cyprusmilitaryThe Soviet invasion of Afghanistan, in support of a Marxist-Leninist government, and the subsequent nine-year conflict with the indigenous Afghan Mujahedeen was one of the bloodiest conflicts of the Cold War. Key details of the circumstances surrounding the invasion and its ultimate conclusion only months before the fall of the Berlin Wall in November 1989 have long remained unclear; it is a confidential narrative of clandestine correspondence, covert operations and failed intelligence. The Secret War in Afghanistan undertakes a full analysis of recently declassified intelligence archives in order to asses Anglo-American secret intelligence and diplomacy relating to the invasion of Afghanistan and unveil the Cold War realities behind the rhetoric. Rooted at every turn in close examination of the primary evidence, it outlines the secret operations of the CIA, MI6 and the KGB, and the full extent of the aid and intelligence from the West which armed and trained the Afghan fighters. Drawing from US, UK and Russian archives, Panagiotis Dimitrakis analyses the Chinese arms deals with the CIA, the multiple recorded intelligence failures of KGB intelligence and secret letters from the office of Margaret Thatcher to Jimmy Carter. In so doing, this study brings a new scholarly perspective to some of the most controversial events of Cold War history. Dimitrakis also outlines the full extent of China s involvement in arming the Mujahedeen, which led to the PRC effectively fighting the Soviet Union by proxy. This will be essential reading for scholars and students of the Cold War, American History and the Modern Middle East.

Failed Alliances of the Cold War

Britain's Strategy and Ambitions in Asia and the Middle East

 

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The Cold War was a period of intense geopolitical rivalry, in which diplomacy and international relations in Asia and the Middle East acquired huge global significance. In this study, Panagiotis Dimitrakis explores British policy towards SEATO (South East Asia Treaty Organisation) and CENTO (Central Treaty Organisation). Designed in the 1950s to counter the Soviet Union's attempts to expand its global influence, these alliances with Asian and Middle Eastern powers were the focus of Western efforts to maintain their regional presence. Yet they failed to bring together the differing aims and ambitions of their regional members, and were dissolved in 1977 and 1979 respectively. This study, based on recently declassified documents, examines the Cold War policies of the United States, Iran and Turkey as well as Pakistan's relations with India and the effects of British diplomacy on the war in Vietnam. Charting the repeated failures of Britain and the United States to come to the defence of their allies in Asia and the Middle East, Failed Alliances of the Cold War will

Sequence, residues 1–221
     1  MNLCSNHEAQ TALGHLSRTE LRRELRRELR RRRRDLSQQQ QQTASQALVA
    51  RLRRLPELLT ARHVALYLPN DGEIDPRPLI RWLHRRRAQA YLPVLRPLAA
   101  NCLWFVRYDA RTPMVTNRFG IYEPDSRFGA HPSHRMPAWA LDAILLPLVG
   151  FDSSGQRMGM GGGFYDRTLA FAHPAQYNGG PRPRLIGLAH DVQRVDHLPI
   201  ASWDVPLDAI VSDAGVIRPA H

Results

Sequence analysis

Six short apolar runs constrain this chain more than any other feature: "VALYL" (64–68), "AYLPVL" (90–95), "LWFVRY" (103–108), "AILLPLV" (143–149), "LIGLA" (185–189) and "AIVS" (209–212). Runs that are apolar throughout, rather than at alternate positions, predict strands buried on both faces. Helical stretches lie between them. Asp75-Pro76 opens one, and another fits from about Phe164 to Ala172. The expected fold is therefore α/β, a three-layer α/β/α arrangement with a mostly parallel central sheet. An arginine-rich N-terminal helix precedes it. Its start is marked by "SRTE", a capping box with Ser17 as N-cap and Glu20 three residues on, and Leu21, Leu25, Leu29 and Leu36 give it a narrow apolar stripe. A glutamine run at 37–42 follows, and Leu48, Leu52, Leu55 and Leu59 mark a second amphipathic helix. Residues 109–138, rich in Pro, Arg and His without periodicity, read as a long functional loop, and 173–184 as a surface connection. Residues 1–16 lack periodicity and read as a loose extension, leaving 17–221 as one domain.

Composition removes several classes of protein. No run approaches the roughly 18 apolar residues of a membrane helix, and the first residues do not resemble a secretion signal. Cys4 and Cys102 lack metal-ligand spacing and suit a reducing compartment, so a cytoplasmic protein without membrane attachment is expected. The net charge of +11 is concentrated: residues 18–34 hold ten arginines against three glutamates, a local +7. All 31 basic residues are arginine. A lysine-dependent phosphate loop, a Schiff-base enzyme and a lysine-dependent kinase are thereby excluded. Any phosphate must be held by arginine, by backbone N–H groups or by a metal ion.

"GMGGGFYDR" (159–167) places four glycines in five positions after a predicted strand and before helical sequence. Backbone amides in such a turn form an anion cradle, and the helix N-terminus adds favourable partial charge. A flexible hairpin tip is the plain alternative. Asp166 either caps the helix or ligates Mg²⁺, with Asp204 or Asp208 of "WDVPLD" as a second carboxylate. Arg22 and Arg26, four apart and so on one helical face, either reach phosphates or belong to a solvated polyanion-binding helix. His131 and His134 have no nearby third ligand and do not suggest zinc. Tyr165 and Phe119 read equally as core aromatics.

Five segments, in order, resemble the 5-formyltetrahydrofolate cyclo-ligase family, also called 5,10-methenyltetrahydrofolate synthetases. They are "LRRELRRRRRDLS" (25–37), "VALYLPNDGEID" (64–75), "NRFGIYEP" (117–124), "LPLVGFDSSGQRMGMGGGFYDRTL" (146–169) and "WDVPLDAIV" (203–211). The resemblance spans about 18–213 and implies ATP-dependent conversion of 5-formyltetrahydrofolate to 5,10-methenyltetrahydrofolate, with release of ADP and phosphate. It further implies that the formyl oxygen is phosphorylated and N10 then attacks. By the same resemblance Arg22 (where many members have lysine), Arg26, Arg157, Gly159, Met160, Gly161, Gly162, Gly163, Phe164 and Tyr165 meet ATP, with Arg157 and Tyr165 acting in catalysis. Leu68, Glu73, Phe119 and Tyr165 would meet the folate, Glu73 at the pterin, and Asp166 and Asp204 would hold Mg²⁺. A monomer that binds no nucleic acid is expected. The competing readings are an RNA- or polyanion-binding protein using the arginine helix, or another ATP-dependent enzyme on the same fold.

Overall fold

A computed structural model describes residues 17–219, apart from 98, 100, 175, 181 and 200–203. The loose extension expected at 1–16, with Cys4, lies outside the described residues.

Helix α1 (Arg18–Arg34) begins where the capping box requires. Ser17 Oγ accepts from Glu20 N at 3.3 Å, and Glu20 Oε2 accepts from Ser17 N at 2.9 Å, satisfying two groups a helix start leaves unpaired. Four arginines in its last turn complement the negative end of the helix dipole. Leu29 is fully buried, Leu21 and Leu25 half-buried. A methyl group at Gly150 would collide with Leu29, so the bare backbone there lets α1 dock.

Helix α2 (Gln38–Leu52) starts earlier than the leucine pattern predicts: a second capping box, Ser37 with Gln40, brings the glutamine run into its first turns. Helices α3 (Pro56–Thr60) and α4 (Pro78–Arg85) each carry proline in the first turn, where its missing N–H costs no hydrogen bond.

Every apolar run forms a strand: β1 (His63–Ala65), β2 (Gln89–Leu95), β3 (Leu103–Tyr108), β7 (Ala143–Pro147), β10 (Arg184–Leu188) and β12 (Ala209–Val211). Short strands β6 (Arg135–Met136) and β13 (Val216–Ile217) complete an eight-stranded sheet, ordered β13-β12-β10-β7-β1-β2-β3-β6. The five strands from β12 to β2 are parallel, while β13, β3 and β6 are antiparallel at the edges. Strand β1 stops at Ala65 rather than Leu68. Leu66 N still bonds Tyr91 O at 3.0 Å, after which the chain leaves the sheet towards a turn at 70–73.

be a crucial point of reference for scholars of the Cold War.

 

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Military Intelligence in Cyprus

From the Great War to Middle East Crises

(London: Tauris Academic Studies, forthcoming 2010).